The housing market in South East Wales is on the up, as confirmed by new House Price Index figures released by the Principality building society.

House prices in Newport, Torfaen, Blaenau Gwent, Monmouthshire and Caerphilly have all grown on average in the past 1 months.

The value of homes in Newport has grown by 4.7 percent in the last year, with the average house price in the local authority now sitting at £185,869.

Monmouthshire had the highest rate of change in prices over the last 12 months at 8.6 percent and is also the local authority area with the highest average house price in Wales, at £279,434.

Torfaen house prices grew by 7.7 percent with the average house price now at £159,633, while Blaenau Gwent and Caerphilly’s house prices grew by 4.6 percent and 0.4 percent respectively.

The average house price in Caerphilly is £143,419, while in Blaenau Gwent it is £98,376.

Overall, there are 10 local authorities in Wales where the annual price increase exceeded 4.5%, and 12 areas where the rates were lower.

A spokesman for the Principality said: “The Severn Bridge toll fees are due to cease before the end of 2018, making commuting to cities like Bristol much cheaper. This could see a rise in property sales in Monmouthshire and nearby towns and cities across South East Wales.”

But Newport Estate Agent Mark Roberts, director of Roberts Estate Agents, explained that while the imminent removal of the tolls might be a catalyst, it isn’t the main driver behind rising house prices.

Mr Roberts said: “There is a strong Bristol influence at play, which is just massive. What we’re seeing is that with the property prices in Bristol as high as they are you can pick up the same property in Newport, for example, for around 50 percent less.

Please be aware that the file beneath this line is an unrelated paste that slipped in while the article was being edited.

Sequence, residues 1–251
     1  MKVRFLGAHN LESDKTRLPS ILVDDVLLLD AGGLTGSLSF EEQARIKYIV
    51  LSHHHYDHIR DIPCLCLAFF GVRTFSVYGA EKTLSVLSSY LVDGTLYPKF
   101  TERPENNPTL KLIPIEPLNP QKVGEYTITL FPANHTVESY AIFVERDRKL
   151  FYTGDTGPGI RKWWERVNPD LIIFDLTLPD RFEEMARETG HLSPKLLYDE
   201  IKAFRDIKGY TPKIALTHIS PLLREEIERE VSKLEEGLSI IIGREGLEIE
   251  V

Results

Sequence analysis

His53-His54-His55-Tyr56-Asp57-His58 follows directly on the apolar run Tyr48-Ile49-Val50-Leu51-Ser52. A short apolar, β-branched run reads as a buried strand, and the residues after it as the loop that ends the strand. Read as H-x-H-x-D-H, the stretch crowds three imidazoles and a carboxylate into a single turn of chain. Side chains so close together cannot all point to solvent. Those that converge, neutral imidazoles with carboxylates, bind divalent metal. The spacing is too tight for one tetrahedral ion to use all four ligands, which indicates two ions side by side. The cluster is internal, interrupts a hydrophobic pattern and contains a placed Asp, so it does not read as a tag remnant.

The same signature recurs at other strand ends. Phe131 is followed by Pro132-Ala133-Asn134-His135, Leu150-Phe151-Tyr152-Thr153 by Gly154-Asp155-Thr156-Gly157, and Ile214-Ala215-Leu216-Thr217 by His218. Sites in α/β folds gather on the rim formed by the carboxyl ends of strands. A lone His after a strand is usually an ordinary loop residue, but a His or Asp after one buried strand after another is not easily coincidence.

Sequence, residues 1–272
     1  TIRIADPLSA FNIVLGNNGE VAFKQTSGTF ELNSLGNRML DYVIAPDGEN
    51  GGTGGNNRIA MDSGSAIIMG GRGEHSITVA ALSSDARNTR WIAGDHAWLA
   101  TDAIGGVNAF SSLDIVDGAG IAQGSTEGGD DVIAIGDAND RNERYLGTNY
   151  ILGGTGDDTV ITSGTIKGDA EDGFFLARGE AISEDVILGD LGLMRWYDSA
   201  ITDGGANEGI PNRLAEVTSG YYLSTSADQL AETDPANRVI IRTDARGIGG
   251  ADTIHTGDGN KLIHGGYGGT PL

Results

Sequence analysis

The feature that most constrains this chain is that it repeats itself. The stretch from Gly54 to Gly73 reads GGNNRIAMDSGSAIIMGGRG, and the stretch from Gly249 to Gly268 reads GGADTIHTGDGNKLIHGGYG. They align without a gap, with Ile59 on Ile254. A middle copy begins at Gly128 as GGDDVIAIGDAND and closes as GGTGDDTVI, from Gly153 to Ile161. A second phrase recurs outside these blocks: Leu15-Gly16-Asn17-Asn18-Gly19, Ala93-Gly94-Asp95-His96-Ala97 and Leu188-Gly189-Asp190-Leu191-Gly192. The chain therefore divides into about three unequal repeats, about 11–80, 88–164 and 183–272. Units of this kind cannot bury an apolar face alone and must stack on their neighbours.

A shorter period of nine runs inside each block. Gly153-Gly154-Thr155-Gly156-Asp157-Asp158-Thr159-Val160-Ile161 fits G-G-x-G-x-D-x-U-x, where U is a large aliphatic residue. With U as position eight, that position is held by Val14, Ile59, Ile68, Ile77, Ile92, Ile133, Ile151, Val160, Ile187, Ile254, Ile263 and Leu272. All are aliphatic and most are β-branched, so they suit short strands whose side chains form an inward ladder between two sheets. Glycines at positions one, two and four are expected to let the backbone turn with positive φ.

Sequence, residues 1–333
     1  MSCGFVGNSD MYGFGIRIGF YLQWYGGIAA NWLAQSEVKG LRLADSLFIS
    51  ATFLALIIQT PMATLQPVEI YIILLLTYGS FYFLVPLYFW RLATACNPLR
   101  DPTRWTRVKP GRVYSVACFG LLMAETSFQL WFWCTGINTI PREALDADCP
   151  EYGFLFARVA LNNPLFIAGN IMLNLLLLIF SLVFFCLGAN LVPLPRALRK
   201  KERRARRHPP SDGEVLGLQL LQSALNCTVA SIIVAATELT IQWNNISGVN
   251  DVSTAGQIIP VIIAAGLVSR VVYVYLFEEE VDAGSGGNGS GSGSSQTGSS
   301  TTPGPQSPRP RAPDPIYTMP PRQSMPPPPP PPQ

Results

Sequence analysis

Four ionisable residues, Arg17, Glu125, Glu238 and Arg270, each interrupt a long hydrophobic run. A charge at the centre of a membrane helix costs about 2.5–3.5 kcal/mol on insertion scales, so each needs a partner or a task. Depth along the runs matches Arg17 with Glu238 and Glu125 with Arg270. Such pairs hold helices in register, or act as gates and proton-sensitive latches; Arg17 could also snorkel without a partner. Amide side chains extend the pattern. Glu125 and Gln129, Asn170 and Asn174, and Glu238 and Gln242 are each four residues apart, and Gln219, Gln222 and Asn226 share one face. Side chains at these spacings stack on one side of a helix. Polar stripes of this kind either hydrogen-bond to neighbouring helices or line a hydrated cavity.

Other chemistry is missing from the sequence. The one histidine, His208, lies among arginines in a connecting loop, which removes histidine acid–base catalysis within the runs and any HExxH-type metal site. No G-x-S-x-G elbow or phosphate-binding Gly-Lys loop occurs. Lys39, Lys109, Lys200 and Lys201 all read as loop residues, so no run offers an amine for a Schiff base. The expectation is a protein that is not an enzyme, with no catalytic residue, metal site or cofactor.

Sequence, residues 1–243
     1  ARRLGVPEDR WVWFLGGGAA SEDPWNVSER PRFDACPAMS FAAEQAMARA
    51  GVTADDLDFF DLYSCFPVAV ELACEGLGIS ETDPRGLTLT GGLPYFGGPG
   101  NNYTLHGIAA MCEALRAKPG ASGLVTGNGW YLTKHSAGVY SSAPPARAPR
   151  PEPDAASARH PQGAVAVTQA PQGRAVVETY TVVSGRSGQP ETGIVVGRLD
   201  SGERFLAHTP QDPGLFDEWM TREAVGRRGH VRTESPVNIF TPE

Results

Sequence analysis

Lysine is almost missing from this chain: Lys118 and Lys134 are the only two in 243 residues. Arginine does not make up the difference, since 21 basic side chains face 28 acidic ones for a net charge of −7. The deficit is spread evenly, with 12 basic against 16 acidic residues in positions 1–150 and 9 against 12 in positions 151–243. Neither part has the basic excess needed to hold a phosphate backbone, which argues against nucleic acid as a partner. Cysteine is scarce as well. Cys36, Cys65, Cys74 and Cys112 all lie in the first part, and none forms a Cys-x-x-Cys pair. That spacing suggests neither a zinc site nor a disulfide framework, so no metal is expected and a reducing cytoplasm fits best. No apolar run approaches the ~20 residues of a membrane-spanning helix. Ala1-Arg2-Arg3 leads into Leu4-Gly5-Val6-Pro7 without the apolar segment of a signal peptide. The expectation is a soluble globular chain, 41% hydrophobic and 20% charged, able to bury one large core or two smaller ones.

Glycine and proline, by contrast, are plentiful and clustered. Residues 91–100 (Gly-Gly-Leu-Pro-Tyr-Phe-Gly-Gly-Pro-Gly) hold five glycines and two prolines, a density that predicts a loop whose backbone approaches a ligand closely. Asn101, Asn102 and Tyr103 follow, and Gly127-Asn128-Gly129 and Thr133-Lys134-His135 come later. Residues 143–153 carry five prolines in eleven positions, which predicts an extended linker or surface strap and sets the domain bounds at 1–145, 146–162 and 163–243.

“The second factor is a lack of properties coming into the market. This pushes prices up. For maybe 10 years there was strong investor market at play. But now those investors are holding on to their properties for longer.

“Another thing is the affordability issue. I would say that if you wanted to move from a terraced house to a semi-detached, the jump could be as much as £100,000. In my opinion, that’s making people think twice, which in turn is pushing prices of available properties up.

“What the bridge tolls will affect is the jobs market. People from Newport will be far more willing to work in Bristol without the tolls.”

Tom Denman, Chief Financial Officer at Principality Building Society, said: “As expected the Welsh housing market continues to grow at a modest, steady rate, as homeowners continue to take advantage of historically low borrowing rates.

“The market is still being driven largely by first time buyers and re-mortgaging. The number of mortgages for first time buyers is growing at twice the rate of the rest of the UK in Wales and it would appear Help to Buy Wales has clearly had a positive impact on the housing market.

“This is welcome news for those looking to step on to the housing ladder in Wales.”